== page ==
It’s a giant concrete warehouse with one million inches of space over 10,000 square feet. It has floor-to ceiling compact and movable shelving, cherry-picker included, a high-tech H-VAC system, and it required two decades of planning. Simply put, the University of Wisconsin—Madison Libraries’ Verona Shelving Facility is a work of art.
“It isn’t just a box,” says Heather Weltin, Facilitator for Cooperative Sharing & Storage at UW—Madison. “This is a masterpiece.”
After breaking ground in August of 2013, the Verona Shelving Facility opened officially in October 2014. Located at the Materials Distribution Services (MDS) building, adjacent to SWAP, the high-density shelving facility, Weltin says, is a game-changer when it comes to UW Library operations.
“The great thing about a high-density facility like Verona, and especially if we got another similar facility in the future, is what it allows us to do with space,” Weltin notes. “We can take spaces in our libraries and make them more relevant for use by researchers and students. The WisCel labs (Wisconsin Collaborative for Enhanced Learning) are good examples. We can take the lesser used materials to our shelving facility, and make space for great collaborative partnerships across campus.”
Moving all those materials, however, is no easy task. Since its opening, two full-time staffers, Rob Klecker and Chrissy Hursh, have taken on a fast-paced and intense training schedule to get Verona operations up and running.
“The sheer volume of what comes through here is amazing,” Klecker says. “It’s also amazing what we can get done in a day. There’s two of us out here and we’re getting a couple thousand books a day out on the shelves.”
Unlike a traditional library, books are not shelved according to subject, content, or by volume. Instead, it’s all about size. Books are trucked to Verona on carts, and then sorted by size, placed into cardboard trays, bar-coded, and shelved. Completely filled, Verona is expected to hold over a million volumes. Right now, Klecker and Hursh are quickly working to sort and shelve as many books as possible before the facility’s content becomes available for borrowing in February.
“We have a great opportunity to develop work practices to fit our specific needs, and experiment with different ways of arranging work. We’ll get faster and more efficient at processing materials,” Hursh says. “Once we go live it will be interesting to see how many borrowing requests we get.”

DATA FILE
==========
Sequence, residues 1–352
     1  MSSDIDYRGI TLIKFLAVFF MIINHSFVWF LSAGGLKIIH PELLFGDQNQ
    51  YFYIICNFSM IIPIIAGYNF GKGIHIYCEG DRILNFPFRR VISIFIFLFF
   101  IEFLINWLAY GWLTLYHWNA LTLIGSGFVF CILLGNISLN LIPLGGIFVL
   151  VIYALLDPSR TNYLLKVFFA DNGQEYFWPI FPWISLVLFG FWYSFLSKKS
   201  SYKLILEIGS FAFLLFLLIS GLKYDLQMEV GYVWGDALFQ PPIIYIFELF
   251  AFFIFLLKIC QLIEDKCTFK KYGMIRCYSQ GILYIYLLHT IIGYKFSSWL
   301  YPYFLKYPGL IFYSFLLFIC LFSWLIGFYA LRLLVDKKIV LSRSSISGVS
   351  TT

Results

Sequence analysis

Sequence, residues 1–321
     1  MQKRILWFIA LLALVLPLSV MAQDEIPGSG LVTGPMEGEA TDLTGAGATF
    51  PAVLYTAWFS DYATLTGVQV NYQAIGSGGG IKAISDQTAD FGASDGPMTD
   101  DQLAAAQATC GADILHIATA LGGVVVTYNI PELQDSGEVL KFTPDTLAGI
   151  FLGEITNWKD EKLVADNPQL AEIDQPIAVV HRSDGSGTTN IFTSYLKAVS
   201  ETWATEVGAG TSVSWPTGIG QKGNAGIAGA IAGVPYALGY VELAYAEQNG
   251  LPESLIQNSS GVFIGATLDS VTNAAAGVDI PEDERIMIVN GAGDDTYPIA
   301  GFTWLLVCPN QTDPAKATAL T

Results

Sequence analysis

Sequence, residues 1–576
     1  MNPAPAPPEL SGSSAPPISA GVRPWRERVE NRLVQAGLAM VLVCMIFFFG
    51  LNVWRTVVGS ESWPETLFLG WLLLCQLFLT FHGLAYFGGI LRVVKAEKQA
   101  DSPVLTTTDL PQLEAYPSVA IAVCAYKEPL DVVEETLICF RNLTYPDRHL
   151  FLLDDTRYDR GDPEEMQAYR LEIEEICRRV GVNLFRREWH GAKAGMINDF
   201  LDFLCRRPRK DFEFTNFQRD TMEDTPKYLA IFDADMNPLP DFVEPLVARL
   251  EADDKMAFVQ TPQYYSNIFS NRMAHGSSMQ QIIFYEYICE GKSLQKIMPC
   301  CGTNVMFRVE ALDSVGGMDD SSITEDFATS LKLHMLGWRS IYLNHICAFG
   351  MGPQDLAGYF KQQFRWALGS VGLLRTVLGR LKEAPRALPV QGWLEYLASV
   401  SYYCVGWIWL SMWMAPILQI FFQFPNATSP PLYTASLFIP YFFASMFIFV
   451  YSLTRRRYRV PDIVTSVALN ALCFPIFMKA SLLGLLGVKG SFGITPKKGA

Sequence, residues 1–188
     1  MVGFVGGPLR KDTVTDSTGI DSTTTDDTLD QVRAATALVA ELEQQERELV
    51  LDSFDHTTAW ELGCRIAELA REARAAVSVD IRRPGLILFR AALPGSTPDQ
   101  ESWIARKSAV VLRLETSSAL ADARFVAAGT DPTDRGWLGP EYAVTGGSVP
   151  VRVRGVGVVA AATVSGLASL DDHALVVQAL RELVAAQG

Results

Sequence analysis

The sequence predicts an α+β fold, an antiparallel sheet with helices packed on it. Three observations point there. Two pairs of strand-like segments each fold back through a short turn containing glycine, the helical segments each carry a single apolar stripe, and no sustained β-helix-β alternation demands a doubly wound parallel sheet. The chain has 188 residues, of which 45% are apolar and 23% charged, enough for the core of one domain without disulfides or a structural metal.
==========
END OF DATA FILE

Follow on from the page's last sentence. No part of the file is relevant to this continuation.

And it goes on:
Once the facility opens to content to borrowing requests, the LAS (Library Archival System) software, by Generation Fifth, helps locates where a book is shelved. Klecker and Hursh then use a cherry picker to retrieve or move the books and trays.
While the $2.5M facility is new to the UW Libraries, Vice Provost for Libraries Ed Van Gemert notes that UW is somewhat late to the high-density facility game. But, he says, better late than never.
“We’ve been fortunate to have partnerships with other organizations, like CIC, or universities, like Iowa and Iowa State, that have helped the storage of resources like serials,” Van Gemert explains. “But Verona will help bump us into that more competitive level when it comes to how we house our resources, and how we streamline the process for providing them to our users.”
The Verona Shelving Facility is expected to take several years to fill. Over the next few years, the UW Libraries face the difficult task of repurposing space and resources through consolidation efforts. Weltin and Van Gemert say Verona is a critical stepping stone during that process: helping to not only maintain, but improve, high quality resources and services provided by the UW Libraries.
“The impact Verona will have on campus and research will be significant,” Weltin says. “Verona will allow us to keep the materials we have, be good stewards of those materials, keep them safe, protected, and usable. But it also allows us to continue collecting the materials that we need to be a relevant and competitive institution.”